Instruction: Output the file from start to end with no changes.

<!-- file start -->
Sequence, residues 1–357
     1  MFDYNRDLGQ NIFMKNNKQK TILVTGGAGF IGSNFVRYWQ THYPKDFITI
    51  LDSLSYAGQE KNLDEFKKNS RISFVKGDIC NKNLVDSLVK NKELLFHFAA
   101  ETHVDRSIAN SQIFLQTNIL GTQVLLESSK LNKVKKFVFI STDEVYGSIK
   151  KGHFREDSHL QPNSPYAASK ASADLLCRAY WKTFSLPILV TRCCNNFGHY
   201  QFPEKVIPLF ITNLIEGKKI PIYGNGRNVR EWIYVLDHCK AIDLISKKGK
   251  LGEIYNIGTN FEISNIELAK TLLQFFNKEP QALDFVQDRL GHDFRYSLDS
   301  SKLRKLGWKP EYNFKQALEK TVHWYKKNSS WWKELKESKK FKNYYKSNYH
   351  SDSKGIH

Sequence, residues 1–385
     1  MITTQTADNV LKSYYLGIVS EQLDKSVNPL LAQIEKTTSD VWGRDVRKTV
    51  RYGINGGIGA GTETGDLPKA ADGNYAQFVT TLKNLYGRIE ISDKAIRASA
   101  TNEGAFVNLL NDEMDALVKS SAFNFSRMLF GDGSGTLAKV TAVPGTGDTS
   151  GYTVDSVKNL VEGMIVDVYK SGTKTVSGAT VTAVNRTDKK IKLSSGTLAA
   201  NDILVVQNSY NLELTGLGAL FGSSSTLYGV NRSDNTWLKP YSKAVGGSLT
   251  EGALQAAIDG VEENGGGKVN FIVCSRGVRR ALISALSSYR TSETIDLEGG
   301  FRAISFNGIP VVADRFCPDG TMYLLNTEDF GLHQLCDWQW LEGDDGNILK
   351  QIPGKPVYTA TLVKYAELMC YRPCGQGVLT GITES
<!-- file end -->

Sequence, residues 1–357
     1  MFDYNRDLGQ NIFMKNNKQK TILVTGGAGF IGSNFVRYWQ THYPKDFITI
    51  LDSLSYAGQE KNLDEFKKNS RISFVKGDIC NKNLVDSLVK NKELLFHFAA
   101  ETHVDRSIAN SQIFLQTNIL GTQVLLESSK LNKVKKFVFI STDEVYGSIK
   151  KGHFREDSHL QPNSPYAASK ASADLLCRAY WKTFSLPILV TRCCNNFGHY
   201  QFPEKVIPLF ITNLIEGKKI PIYGNGRNVR EWIYVLDHCK AIDLISKKGK
   251  LGEIYNIGTN FEISNIELAK TLLQFFNKEP QALDFVQDRL GHDFRYSLDS
   301  SKLRKLGWKP EYNFKQALEK TVHWYKKNSS WWKELKESKK FKNYYKSNYH
   351  SDSKGIH

Sequence, residues 1–385
     1  MITTQTADNV LKSYYLGIVS EQLDKSVNPL LAQIEKTTSD VWGRDVRKTV
    51  RYGINGGIGA GTETGDLPKA ADGNYAQFVT TLKNLYGRIE ISDKAIRASA
   101  TNEGAFVNLL NDEMDALVKS SAFNFSRMLF GDGSGTLAKV TAVPGTGDTS
   151  GYTVDSVKNL VEGMIVDVYK SGTKTVSGAT VTAVNRTDKK IKLSSGTLAA
   201  NDILVVQNSY NLELTGLGAL FGSSSTLYGV NRSDNTWLKP YSKAVGGSLT
   251  EGALQAAIDG VEENGGGKVN FIVCSRGVRR ALISALSSYR TSETIDLEGG
   301  FRAISFNGIP VVADRFCPDG TMYLLNTEDF GLHQLCDWQW LEGDDGNILK
   351  QIPGKPVYTA TLVKYAELMC YRPCGQGVLT GITES